development of a “Cultural” Centre in Gordon Street. Council has
an absolute “obligation” to oversee the development of a Centre of
Excellence on the parcel of land known as City Hill; the caveats on
the title to that land and the covenants that attach to the title
evidence that “reality”.
Arguments like, “But this is Coffs!! and the cost of earthworks on
City Hill”, are fallacious and smack of self-interest on the part of
landowners in the commercial business district who think that the
Gordon Street project will stimulate the economy in the Coffs
Central precinct to the point where it will be viable for them to
develop their holdings. I respectfully submit that, from a
development perspective, landholdings in the commercial business
district will be worth far more if City Hill is developed as an iconic
gateway to the City of Coffs Harbour.
City Hill was gifted to the City by the Federal Government
conditional upon the lands being developed for a Cultural Centre
of Excellence and compatible tourism facilities.
- To quote from the Restriction on User:
(a) The purpose of this covenant is to ensure that the land is
used in perpetuity for the benefit of the community of Coffs
Harbour in particular and by members of the public generally;
(b) Council of the City of Coffs Harbour as to bind its
successors and assigns in title hereby covenants with the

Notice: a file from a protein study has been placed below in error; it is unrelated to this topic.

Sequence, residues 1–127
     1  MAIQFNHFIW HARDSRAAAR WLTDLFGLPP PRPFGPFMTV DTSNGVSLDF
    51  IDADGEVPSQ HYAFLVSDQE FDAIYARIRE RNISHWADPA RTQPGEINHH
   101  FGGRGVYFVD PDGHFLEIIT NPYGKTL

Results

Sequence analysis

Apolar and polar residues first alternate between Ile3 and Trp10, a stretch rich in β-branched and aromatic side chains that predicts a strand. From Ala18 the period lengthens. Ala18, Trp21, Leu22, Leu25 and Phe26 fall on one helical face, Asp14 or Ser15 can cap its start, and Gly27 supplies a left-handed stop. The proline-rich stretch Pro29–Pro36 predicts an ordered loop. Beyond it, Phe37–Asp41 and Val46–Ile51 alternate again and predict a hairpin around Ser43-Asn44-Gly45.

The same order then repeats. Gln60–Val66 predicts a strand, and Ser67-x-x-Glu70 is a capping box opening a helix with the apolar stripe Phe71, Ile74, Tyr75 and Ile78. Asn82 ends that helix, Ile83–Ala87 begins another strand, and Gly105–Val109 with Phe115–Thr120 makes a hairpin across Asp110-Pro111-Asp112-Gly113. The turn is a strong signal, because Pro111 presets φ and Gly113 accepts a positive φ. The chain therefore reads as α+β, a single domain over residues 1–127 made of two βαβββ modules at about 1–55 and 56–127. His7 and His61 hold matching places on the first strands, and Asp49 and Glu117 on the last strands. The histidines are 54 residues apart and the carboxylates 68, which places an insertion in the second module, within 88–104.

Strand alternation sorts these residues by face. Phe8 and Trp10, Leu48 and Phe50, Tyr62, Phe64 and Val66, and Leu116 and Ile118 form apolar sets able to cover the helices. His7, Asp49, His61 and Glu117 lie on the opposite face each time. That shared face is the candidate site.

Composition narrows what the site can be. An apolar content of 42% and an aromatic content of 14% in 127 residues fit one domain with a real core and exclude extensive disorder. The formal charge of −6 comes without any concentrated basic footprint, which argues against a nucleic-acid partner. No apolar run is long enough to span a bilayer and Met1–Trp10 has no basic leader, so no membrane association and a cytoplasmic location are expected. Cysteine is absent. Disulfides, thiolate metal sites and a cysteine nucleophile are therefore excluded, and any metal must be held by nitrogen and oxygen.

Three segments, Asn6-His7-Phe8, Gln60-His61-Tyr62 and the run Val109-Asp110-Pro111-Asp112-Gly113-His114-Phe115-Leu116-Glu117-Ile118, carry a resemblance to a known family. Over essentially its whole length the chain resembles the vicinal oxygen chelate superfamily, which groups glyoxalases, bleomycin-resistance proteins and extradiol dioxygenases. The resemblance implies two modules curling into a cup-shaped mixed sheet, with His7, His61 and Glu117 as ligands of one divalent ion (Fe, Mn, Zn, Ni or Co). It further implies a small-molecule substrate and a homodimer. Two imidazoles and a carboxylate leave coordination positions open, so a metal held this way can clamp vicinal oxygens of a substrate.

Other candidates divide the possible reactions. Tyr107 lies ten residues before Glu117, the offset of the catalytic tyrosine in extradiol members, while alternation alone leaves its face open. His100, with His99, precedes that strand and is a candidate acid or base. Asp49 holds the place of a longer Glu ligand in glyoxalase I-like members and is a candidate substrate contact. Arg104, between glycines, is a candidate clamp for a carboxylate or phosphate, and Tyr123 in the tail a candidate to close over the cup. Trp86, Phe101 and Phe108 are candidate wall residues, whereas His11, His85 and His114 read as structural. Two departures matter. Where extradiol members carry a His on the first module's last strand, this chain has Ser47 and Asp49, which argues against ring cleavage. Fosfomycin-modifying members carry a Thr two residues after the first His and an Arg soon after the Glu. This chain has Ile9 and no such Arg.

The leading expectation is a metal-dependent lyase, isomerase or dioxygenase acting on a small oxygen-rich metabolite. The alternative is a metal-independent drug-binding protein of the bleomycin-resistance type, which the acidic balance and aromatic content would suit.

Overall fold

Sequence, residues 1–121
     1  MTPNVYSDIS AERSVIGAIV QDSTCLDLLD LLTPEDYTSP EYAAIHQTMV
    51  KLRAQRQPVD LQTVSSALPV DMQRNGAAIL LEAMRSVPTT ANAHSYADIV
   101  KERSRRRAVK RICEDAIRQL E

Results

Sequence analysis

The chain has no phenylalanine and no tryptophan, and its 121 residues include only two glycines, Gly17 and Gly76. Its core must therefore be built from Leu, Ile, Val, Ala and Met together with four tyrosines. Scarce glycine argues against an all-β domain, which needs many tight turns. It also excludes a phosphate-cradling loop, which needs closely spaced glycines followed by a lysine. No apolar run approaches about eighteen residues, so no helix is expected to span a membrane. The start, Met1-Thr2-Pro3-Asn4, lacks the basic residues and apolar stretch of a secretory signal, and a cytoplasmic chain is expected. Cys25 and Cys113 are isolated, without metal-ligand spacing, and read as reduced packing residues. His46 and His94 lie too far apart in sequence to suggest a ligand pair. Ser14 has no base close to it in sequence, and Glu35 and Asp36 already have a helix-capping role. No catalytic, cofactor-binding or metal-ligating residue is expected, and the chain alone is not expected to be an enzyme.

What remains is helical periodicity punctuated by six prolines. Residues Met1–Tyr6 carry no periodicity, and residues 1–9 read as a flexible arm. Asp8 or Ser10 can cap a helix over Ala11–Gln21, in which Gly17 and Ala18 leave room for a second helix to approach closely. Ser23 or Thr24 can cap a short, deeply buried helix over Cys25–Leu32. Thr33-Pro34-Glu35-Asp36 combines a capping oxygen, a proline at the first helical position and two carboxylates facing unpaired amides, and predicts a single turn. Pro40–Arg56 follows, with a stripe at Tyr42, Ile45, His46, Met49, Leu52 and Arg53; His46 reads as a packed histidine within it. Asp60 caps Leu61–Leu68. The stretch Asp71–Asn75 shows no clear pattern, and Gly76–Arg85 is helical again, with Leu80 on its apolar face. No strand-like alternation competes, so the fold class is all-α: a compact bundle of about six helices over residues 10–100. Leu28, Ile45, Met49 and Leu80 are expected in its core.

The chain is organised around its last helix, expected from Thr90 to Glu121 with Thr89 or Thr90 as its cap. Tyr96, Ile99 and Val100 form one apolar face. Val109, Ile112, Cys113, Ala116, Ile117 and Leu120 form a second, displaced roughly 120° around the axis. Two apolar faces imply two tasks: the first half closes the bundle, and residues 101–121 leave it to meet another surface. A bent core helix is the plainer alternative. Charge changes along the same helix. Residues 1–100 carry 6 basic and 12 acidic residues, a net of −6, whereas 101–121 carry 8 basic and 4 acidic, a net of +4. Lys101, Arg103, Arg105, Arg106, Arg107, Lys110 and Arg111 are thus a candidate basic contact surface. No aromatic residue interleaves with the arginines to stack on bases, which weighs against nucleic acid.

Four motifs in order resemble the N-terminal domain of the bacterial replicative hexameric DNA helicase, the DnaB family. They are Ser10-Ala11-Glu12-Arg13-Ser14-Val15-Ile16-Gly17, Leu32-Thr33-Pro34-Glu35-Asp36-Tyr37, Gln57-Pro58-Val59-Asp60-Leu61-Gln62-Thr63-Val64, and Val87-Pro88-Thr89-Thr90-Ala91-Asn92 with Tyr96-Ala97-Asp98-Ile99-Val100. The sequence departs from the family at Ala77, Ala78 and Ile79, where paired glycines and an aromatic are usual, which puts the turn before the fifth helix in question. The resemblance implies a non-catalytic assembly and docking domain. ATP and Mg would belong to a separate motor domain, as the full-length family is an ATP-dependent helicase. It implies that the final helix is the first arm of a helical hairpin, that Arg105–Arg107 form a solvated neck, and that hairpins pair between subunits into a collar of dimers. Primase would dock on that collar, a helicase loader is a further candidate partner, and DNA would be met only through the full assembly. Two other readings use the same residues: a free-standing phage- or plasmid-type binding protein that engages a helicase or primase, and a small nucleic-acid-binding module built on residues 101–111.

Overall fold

Commonwealth of Australia that the land shall be used,
developed or improved by or on behalf of the Council
exclusively for cultural or civic purposes or associated
What must be seen as a bequest to the people of this City, City Hill
is a gateway site that has the potential to put Coffs Harbour on the
International map, nurture the artistic soul of the City, provide the
City with a unique identity, create much-needed employment,
stimulate economic activity in other zones, serve as a
“CONNECTOR” in what is currently a dysfunctional and
disconnected Regional City and serve as a stimulus for the National
Cartoon Bunker which currently sits ‘as a shag on a rock’.
The Education precinct extends from the C.ex Ex-servicemen’s
International Stadium to the Southern Cross University and is an
ideal location for the establishment of an Information Centre
(library). Learning/Education should be centralised; in the one
locale. Centralised learning environments provide a City with an
opportunity to build the kind of profile needed to draw speakers/
conferences from across the world and escalate the growth of
enterprise hubs. Centralised learning environments also create a
love of wisdom which is desperately needed to lift the intellectual
EXPENDITURE OF RATEPAYER FUNDS, the aim being to
provide a healthy return on investment.
In my opinion, Council should immediately desist from expending
further rate payer dollars on the proposed development of a Civic
& Cultural Centre in Gordon Street and seriously reflect on its